The majority of the objects in the Philippine collection were acquired by anthropologists Fay-Cooper Cole, William Jones, and Stephen C. Simms in the first decade of the 20th century. The Museum's involvement with the Philippines came after the 1904 Louisiana Purchase Exposition in St. Louis, where objects and peoples from the colonies of several nations were on display. The Philippines, a U.S. colony since the Spanish-American War of 1898, was featured prominently in the exposition as "a fair within a fair." Robert F. Cummings, a grain merchant from Clifton, Illinois, was greatly intrigued by the Philippine exhibition and approached the Museum with a proposition: he was willing to fund extensive anthropological research in the Philippines with two apparent provisions: that the people of Illinois should benefit and that the work should begin immediately. Cummings pledged no less than $20,000 to cover all expenses of fieldwork. In return, the Museum guaranteed to bear the costs of setting up a large permanent Philippine exhibition.
These Philippine expeditions led by Fay-Cooper Cole were quite successful. He collected over 5,000 objects from various areas of the Philippines. Williams Jones, however, was not so fortunate. He was killed by Ilongots during an expedition in March of 1909, while in the Caraballo Mountains of eastern Luzon Island. The reasons and motives surrounding his death remain unclear. After news of the death reached Chicago, Stephen C. Simms traveled to Luzon to complete the work begun by Jones.
By the end of December 1911, all of the objects, photographs, recordings, and notes were in Chicago. The collection consists of correspondence, mainly between the Curator of Anthropology of the Museum, the sponsor of the expedition, and the members of the expedition, maps of the places visited, hand-written notes by the members of the expedition, specimen lists, notebooks, an expense list, a list of photos, and physical measurements.
Fay-Cooper Cole (1881-1961)
Fay-Cooper Cole was an American anthropologist who became an authority of the peoples of the Malay Archipelago and promoted modern archaeology. He was born on August 8, 1881, in Plainwell, Michigan, and graduated in 1903 from Northwestern University. In 1904, Cole joined the staff as Assistant Curator of Anthropology of The Field Museum, where he worked until 1923. He pursued post-graduate studies at the University of Chicago, University of Berlin, and Columbia University, where he received his PhD in 1914. His dissertation, A Study of Tinguian Folklore, compared the old culture reflected in Tinguian myths with the culture of present-day Tinguians and demonstrated the changes that had taken place. Cole's fieldwork included assignments in the Philippines and Indonesia for The Field Museum where he became assistant curator of Malayan ethnology and physical anthropology. In 1924, he worked for the University of Chicago, where he helped to establish their graduate program in Anthropology. Cole was a popular teacher and lecturer who taught courses in nearly every field of anthropology except linguistics. He became interested in the field of Midwestern archaeology and instituted an archeological survey of Illinois. Cole wrote popular accounts of human evolution and the growth of culture, including The Long Road from Savagery to Civilization (1933) and The Story of Man (1937) with Mabel Cook Cole. He became professor emeritus in 1948, and died on September 3, 1961, in Santa Barbara, California.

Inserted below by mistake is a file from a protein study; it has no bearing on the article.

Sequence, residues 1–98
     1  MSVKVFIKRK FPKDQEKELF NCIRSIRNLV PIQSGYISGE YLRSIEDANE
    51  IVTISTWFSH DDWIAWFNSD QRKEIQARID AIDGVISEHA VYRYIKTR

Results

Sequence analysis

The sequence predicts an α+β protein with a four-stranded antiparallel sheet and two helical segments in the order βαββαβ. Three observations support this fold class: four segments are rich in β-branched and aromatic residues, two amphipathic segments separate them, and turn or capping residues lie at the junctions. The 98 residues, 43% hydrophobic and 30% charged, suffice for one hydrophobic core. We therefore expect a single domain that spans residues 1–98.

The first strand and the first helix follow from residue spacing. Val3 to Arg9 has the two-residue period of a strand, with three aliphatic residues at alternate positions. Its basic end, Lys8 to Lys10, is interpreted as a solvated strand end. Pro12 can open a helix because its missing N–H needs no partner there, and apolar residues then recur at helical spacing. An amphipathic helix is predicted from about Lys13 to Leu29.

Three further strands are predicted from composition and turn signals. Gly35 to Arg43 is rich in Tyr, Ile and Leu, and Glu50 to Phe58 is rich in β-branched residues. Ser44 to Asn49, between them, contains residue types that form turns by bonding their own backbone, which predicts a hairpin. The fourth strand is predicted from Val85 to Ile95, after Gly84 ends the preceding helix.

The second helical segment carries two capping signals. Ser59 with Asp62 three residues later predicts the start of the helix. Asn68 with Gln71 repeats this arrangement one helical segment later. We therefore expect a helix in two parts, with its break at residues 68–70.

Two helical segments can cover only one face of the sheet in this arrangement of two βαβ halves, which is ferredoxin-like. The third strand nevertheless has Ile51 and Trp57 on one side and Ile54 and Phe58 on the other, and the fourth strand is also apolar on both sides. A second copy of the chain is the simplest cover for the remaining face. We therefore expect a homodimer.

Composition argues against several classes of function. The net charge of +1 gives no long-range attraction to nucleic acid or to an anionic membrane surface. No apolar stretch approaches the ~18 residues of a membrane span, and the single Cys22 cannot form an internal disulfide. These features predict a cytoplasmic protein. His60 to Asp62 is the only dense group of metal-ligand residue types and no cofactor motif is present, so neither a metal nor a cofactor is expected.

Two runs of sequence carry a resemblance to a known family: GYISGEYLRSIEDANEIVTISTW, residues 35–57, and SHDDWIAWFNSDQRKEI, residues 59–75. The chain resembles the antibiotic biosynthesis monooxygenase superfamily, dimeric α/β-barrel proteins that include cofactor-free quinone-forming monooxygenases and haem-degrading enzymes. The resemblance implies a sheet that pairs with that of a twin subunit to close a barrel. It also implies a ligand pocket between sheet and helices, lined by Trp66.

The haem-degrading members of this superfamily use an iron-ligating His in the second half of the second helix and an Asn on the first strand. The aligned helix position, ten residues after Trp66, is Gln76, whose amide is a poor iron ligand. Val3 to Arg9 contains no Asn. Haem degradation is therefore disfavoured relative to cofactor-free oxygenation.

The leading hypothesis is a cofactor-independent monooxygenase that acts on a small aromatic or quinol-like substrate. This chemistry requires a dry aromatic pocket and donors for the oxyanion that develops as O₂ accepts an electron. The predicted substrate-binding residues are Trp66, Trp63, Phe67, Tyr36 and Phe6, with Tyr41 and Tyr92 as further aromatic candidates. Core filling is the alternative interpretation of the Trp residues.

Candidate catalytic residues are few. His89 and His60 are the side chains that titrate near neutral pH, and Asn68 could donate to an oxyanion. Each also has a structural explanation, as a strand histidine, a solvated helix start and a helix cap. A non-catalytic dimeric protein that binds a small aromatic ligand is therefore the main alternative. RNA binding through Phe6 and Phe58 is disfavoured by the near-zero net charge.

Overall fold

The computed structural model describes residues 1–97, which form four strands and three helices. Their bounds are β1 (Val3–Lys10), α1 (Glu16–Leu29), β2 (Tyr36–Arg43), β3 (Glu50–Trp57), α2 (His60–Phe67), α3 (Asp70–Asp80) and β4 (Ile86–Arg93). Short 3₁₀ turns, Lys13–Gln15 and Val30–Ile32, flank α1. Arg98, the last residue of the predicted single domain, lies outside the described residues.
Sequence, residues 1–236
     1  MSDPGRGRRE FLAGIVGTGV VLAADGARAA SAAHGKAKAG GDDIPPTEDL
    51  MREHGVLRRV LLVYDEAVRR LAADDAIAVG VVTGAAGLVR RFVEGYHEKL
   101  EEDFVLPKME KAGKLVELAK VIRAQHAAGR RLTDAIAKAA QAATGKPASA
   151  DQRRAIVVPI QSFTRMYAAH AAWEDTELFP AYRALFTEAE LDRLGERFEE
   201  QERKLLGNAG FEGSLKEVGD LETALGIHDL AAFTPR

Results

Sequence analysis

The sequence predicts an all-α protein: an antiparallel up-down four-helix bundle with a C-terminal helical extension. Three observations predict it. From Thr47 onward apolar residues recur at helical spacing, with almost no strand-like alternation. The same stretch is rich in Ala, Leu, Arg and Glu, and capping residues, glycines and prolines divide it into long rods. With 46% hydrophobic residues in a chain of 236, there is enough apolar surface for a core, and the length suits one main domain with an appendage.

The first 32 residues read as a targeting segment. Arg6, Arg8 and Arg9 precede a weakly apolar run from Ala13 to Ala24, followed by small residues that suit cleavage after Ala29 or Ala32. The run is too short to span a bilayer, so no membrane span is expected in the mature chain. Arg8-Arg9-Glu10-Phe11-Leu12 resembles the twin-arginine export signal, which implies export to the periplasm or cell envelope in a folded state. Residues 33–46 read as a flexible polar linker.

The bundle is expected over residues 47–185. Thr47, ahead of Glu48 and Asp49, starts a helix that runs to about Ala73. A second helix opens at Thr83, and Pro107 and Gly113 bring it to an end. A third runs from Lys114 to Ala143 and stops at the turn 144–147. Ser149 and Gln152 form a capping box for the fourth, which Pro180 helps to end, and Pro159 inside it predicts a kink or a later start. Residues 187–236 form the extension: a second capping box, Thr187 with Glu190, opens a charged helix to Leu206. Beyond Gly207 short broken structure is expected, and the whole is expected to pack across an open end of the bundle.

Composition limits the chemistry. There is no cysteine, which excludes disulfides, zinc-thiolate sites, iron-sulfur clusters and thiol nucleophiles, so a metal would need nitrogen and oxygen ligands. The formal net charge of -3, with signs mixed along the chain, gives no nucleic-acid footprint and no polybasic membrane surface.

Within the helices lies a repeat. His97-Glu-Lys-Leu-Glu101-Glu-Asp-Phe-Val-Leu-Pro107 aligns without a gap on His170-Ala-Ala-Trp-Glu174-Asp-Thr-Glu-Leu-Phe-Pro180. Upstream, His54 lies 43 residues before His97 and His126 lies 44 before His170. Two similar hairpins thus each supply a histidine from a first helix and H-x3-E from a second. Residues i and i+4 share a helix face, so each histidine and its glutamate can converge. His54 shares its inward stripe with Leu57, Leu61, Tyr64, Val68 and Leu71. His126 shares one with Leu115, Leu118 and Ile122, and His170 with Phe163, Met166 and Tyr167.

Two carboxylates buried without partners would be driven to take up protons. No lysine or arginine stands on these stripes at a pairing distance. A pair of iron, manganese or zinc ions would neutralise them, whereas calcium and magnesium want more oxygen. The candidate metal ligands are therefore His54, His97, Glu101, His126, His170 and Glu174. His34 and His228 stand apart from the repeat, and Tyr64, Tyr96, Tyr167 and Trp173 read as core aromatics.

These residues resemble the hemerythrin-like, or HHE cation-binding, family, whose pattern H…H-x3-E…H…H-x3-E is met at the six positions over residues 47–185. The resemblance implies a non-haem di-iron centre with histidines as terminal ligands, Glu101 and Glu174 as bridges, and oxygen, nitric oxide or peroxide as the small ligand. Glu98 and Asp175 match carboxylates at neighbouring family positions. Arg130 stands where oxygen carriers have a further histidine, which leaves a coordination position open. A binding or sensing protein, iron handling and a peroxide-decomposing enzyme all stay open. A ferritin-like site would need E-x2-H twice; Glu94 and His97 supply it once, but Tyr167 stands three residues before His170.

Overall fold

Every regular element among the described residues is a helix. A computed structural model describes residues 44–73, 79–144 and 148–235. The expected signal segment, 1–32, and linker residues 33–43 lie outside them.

Stephen Chapman Simms (1863-1937)
S.C. Simms was the assistant curator of ethnology for The Field Museum. In 1894, he was hired as a preparator at The Field Museum in the Department of Geology and became an assistant curator in the Department of Industrial Arts. From 1899 to 1912, Simms served as assistant curator of ethnology in the Department of Anthropology. He made field trips to Alberta, Arizona, California, Montana, Minnesota, Kansas, and the Philippines. Simms was the director of The Field Museum from 1928 until his death in 1937.
William Jones (1871-1909)
William Jones, a member of the Fox nation, was the first Native American to receive a PhD in Anthropology. Born in Oklahoma on March 28, 1871, he studied at Hampton Institute, graduated from Phillips Academy, and received his Bachelor of Arts degree from Harvard. After completing his studies with Franz Boas at Columbia University in 1904, Jones became a specialist in Algonquian languages, known for his extensive collection of Algonquian texts. In 1908, while employed as an assistant curator at The Field Museum, he went to the Philippines, where he spent his time with the Ilongots. He was assassinated in March 1909, at Dumobato on the east side of Luzon.
Mabel Cook Cole (1880-1923)
Mabel Cook Cole was an anthropologist and writer. Born in Plano, Illinois, on April 18, 1880, she graduated from Northwestern University in 1903 with a Bachelor of Arts degree. Along with Margaret Mead she was a charter member of the Women's Anthropological Group. She married Fay-Cooper Cole before his first expedition to the Philippines. Together, they spent four years among the indigenous people of the the Philippines. They had one son, Lamont Cook Cole, a scientist who specialized in social history, population regulation, and ecology. Mabel's books include The Story of Primitive Man, The Story of Man, Savage Gentlemen, and Philippine Folk Tales.
Laura Watson Benedict (1861-1932)
Laura Watson Benedict was born in 1861. She was the first anthropologist to travel to the Philippines to study the Bagobo people. In 1910, the American Museum of Natural History purchased Benedict's 2,534-piece collection for $4,000. Four years later in 1916, she became the first woman to earn a PhD in anthropology from Columbia University with a dissertation entitled, Bagobo Ceremonial Magic and Myth.